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The Raven's Dance

Ravens at the Tower of London

Nevermore Day

Jan 29

Other Scottish Country Dances for this Day

Today's Musings, History & Folklore

"Once upon a midnight dreary, while I pondered, weak and weary,
Over many a quaint and curious volume of forgotten lore—
While I nodded, nearly napping, suddenly there came a tapping,
As of some one gently rapping, rapping at my chamber door.
'Tis some visitor,' I muttered, 'tapping at my chamber door—
Only this and nothing more.'"

~ Edgar Allan Poe, The Raven, 1845

Knock, Knock! "Who's there?" Edgar Allan Poe's famous poem of grief and lost love, "The Raven," published today in 1845, paints the raven as a sinister prophet, providing no consolation to the poem's narrator. Because of its black plumage, croaking call and diet of carrion, the raven has a long folkloric association with loss and ill omen. However, as a talking bird, the raven also represents prophecy and insight, connecting the material world with the world of spirits. According to legend, the Kingdom of England will fall if the ravens of the Tower of London are removed. It was said that Charles II ordered their removal following complaints from John Flamsteed, the Royal Astronomer. However, when told of the legend, Charles, after the English Civil War, was not prepared to take the chance and had the observatory moved to Greenwich. ✍️

The Raven's Dance

Ravens are one of the most intelligent of birds and figure prominently in the folklore of many cultures.

Some famous ravens are residents at the Tower of London.  Their presence is traditionally believed to protect The Crown and the Tower; a superstition holds that "if the Tower of London ravens are lost or fly away, the Crown will fall and Britain with it."  The earliest known reference to captive ravens at the Tower is an illustration from 1883.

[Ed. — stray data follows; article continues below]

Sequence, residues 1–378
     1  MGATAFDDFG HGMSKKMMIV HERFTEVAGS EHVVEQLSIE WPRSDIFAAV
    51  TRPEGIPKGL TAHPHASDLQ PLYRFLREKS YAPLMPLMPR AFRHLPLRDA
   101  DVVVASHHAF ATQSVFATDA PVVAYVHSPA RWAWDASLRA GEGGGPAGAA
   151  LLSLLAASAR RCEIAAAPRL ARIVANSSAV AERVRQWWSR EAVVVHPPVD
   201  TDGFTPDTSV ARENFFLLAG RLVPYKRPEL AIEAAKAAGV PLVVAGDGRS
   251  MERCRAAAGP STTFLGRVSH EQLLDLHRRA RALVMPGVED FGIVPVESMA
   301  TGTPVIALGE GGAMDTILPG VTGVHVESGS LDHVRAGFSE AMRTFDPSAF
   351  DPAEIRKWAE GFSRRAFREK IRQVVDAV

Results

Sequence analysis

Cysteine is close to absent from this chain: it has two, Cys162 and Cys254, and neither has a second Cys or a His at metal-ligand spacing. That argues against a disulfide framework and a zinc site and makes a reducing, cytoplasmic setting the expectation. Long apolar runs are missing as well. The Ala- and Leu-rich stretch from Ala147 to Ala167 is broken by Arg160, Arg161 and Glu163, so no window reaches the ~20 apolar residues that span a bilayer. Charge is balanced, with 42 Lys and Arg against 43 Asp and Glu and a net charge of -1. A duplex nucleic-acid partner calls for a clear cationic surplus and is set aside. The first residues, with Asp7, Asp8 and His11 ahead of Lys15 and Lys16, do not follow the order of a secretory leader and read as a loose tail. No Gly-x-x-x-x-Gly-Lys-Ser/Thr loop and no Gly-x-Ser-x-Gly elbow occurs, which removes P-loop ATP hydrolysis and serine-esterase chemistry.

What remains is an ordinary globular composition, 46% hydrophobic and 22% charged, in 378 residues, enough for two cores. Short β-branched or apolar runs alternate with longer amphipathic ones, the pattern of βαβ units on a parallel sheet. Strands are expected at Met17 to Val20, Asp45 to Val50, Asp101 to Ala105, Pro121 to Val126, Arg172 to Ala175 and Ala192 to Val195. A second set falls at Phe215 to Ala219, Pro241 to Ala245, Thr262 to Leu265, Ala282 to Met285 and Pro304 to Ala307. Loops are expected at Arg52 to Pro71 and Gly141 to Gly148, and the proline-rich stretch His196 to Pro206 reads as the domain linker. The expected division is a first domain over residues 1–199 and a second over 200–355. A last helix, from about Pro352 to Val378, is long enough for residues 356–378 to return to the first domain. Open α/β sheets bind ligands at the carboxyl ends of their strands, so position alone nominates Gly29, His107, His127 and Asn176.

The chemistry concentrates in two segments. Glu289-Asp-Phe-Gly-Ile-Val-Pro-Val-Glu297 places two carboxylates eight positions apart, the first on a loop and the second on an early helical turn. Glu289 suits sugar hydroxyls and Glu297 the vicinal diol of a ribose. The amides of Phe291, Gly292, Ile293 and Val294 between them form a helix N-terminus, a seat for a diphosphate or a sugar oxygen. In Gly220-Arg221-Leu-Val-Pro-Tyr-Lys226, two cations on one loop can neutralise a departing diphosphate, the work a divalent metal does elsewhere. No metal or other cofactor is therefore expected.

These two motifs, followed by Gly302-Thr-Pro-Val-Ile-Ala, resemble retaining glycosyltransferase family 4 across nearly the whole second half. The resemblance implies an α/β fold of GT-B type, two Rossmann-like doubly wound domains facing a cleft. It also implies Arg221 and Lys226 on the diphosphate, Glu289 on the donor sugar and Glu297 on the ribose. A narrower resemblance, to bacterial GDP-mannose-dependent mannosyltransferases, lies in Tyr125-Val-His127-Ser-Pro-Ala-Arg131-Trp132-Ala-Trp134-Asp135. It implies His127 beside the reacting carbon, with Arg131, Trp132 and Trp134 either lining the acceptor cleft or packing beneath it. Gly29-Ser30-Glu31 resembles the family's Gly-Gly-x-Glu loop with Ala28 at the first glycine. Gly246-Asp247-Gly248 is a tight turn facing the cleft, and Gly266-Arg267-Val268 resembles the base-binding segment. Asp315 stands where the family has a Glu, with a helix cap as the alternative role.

Historically, wild ravens were common throughout Britain, even in towns, the Tower being within their natural range. When they were exterminated from much of their traditional range, including London, they could only exist at the Tower in captivity and with official support. The Tower ravens are tended to by an official Ravenmaster. Local legend puts the origin of the captive raven population at the time of King Charles II (reigned 1660–85).

The earliest legend that connects the Tower with a raven is the Welsh tale of the War against the Irish leader Matholwch who had mistreated the princess Branwen. Branwen's brother Brân the Blessed (King of the Britons) ordered his followers to cut off his head and bury it beneath The White Hill (upon which the Tower now stands) facing out towards France as a talisman to protect Britain from foreign invasion!

Brân is the modern Welsh word for raven and the magical and protective qualities of ravens are attested throughout Celtic mythology. The knowledge that Brân's head was buried beneath the White Hill would have served as protective reassurance in the Celtic tradition, just as modern ideas about the presence of ravens does.

For more about the Tower of London's special ravens, click the 1883 illustration.  And to see the dance performed by the Tay Dancers  scroll below!

The Raven's Dance
The Raven's Dance

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